The UK energy industry was already facing many challenges and now Brexit has added to the overall uncertainty. Whether the industry likes it or not change is ahead and those leaders that embrace change leadership and build that capability in their organisation are those that will see their companies grow and succeed.
Business Models are changing: The US shale industry has radically increased production and shaken up the way oil and gas is produced in 2014. Consider that in 2014 the US produced 9MMbbl/d which is almost what it did at its peak production in the 1970 (peaking at 10MMbbl/d in 1971). The Shale production model can be flexed ie produce at high price, something conventional oil and gas isn’t able to do. Demand is no longer coming from the west it is coming from the east and the mix of sources of energy is increasingly changing with the improvement in renewables and climate change demands. To address these factors keeping an open mind as to the future business models, being adaptable and building a flexible business model will allow you to change with the environment.
How the industry uses Technology: Technology has always been a key part of energy however the time taken to adopt new technology is slow compared with other industries. For many years the industry has had digital oil fields, compared to what is happening in the internet of things the changes have been much smaller, and it is likely that bigger changes are a head. Watson the IBM super computer is now better than some clinicians at diagnosing cancer, who or what will digital oil fields be doing for us? Also who really understands the technology? The young graduate but do his manager and senior leader really get it? Historically operators have wanted a technology USP to gain entrance to new resources however with increasingly operators are going to partners to help  with the development like BP and GE on digital fields. In a low oil price world compromises on what technology and design are increasingly needed to be made in order to achieve profitable operations which require a culture change and potential new ways of working. All this requires a different mind-set and approach.
Leadership styles and capabilities are changing: Companies are facing more external challenge than ever, consider the challenge to BP this year on Bob Dudley’s pay package by shareholders which even the Institute of Directors challenged. Environmental legislation and increasing challenges from shareholders and other stakeholders means leadership in an organisation needs not only to manage internally but increasingly externally too. Increased diversity and managing the millennial generation is meaning that leadership styles that worked in the past aren’t as effective now. Think it won’t happen to you? Brexit is seen by some that the UK has stopped listening to advice from politicians, can you afford for your staff to stop listening to the leadership? So consider what type of leadership you need for the future.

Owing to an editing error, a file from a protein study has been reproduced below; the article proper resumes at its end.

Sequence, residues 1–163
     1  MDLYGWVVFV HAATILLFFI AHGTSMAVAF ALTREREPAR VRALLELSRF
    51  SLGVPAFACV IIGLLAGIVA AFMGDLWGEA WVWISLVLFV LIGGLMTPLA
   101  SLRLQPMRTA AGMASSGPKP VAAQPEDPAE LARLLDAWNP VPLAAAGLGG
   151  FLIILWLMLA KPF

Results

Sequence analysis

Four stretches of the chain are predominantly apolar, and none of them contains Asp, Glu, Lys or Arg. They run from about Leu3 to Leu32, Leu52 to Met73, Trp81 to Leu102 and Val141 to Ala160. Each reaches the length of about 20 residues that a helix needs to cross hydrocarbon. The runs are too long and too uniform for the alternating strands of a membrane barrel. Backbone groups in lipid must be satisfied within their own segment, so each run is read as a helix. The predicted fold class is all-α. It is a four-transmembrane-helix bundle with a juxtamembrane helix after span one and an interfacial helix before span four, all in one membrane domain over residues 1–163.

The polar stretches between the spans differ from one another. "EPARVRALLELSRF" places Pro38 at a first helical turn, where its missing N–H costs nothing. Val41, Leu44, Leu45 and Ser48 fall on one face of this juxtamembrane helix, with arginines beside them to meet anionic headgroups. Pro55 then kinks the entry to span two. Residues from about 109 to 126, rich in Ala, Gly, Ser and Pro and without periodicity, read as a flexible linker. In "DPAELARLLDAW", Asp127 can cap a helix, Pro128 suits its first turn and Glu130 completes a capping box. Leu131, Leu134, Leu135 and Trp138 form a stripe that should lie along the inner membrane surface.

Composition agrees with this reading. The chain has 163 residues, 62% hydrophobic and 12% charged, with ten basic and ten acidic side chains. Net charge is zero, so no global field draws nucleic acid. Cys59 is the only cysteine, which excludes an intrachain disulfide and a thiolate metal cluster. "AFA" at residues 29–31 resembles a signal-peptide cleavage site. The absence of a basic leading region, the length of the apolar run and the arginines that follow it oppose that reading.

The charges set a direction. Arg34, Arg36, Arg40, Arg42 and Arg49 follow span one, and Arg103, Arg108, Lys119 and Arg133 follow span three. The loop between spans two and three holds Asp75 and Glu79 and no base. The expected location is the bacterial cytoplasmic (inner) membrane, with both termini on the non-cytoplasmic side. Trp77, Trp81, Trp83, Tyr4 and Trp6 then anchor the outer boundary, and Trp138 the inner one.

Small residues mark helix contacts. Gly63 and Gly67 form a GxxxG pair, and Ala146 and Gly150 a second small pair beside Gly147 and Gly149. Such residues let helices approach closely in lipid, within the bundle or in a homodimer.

The Business challenges are changing: Whilst oil prices have risen a bit recently, most commentators are predicting a long period of low oil price, easy oil has been found and now the extraction challenges are getting more costly and technologically demanding. We are seeing a shift towards gas not oil, consider shell’s acquisition of BG. Non-carbon fuels are also on the rise. Whilst the industry has always strived to find innovative solutions, and delivering on projects to achieve this, we are not good at implementing as a recent Industry study showed 78% of E&P projects are being unsuccessful. Can we afford to keep operating the way we have been?
So how do you build change capability?
The first critical element is to identify why you need to build it for your organisation and engage your leadership team and senior management. Involve them by building a joint vision of where you are going or what is business problem you are solving. As you do that this is the time to start explaining the change journey and how critical it is to engage the whole organisation. Remember rather than do what you always do changing the way of operating and embedding this is how the solution becomes sustainable.
Next you building the transition plan, at this point it is essential to start involving the rest of the organisation as that is how you build engagement to the plan and through these key individuals (often call change agents) you can build capability which they can start transferring to the organisation. Here it is important to understand what has worked in the past, what is good about what you currently do as well as what doesn’t work. Bringing in a diverse group of people not only helps with the engagement, it also helps to bring the best solutions as you get a wide set of options to create the best plan from.
Now you are ready to implement you plan. For successful implementation, build in regular check points and metrics so you have early warning if results are not occurring as planed and can take action. This is particularly the case in a changing environment where external influences may change what is going on. In a changing environment there is a risk of “change fatigue” where people simply get overloading with change and can’t cope so remember to stop project or activities that aren’t aligned to the effort and through your monitoring activities you can adjust the speed of implementation to take this into account.
If you always do the same things, you will get the same results- can you afford to do this in a changing world? What will you do to build change capability in your organisation?
 EIA figures
 Peter Mandelson “Brexit result reveals that both Conservative and Labour politicians are “not trusted” by the public and “do not have the connection that they thought they had”. ITV news 24th June 2016
 Improving Mega Project Outcomes Mary Ellen Yarossi June 2015 London SPE conference